To produce  a  basic,  long-format  listing  (not  verbose),
     including header and totals lines, use -l:

         zipinfo -l storage

     To list the complete contents of the archive without  header
     and  totals  lines,  either  negate the -h and -t options or
     else specify the contents explicitly:

         zipinfo --h-t storage
         zipinfo storage \*

     (where the backslash is required only  if  the  shell  would
     otherwise  expand the `*' wildcard, as in Unix when globbing
     is turned on--double quotes around the asterisk  would  have
     worked  as  well).   To turn off the totals line by default,
     use the environment variable (C shell is assumed here):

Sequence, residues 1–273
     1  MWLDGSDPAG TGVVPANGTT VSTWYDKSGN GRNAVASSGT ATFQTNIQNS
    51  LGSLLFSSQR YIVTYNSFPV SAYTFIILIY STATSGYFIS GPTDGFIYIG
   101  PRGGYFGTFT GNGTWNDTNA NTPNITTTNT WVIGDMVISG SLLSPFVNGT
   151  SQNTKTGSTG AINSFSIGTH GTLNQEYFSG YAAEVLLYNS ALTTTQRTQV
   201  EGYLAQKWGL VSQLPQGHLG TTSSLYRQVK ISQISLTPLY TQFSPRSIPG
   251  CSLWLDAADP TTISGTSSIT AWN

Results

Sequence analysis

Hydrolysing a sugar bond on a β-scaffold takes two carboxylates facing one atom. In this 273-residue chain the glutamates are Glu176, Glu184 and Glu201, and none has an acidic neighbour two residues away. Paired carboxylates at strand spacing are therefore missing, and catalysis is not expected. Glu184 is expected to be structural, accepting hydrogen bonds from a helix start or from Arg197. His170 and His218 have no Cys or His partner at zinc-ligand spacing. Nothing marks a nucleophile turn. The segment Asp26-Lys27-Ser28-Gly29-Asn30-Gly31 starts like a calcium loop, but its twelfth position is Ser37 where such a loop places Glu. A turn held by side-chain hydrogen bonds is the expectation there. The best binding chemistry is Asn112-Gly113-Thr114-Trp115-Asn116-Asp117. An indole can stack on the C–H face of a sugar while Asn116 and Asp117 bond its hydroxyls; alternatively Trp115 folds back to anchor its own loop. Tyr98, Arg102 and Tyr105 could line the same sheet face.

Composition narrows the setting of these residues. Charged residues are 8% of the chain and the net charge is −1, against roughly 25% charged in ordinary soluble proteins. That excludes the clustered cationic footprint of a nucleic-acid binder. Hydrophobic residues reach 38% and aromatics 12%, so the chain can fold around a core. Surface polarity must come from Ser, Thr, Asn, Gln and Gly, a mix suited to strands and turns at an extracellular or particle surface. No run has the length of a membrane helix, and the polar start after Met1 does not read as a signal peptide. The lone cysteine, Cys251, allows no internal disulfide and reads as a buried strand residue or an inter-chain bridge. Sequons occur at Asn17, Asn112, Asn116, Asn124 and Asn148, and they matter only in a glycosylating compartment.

setenv ZIPINFO --t
         zipinfo storage

     To get the full, short-format listing of the  first  example
     again,  given that the environment variable is set as in the
     previous example, it is necessary to specify the  -s  option
     explicitly,  since the -t option by itself implies that ONLY
     the footer line is to be printed:

         setenv ZIPINFO --t
         zipinfo -t storage            [only totals line]
         zipinfo -st storage           [full listing]

     The -s option, like -m and -l, includes headers and  footers
     by  default, unless otherwise specified.  Since the environ-
     ment variable specified no footers and  that  has  a  higher
     precedence  than  the default behavior of -s, an explicit -t
     option was necessary to produce the full  listing.   Nothing
     was  indicated  about  the header, however, so the -s option
     was sufficient.  Note that both the -h and -t options,  when
     used  by themselves or with each other, override any default
     listing of member files; only the header and/or  footer  are
     printed.   This behavior is useful when zipinfo is used with
     a wildcard zipfile specification; the contents of  all  zip-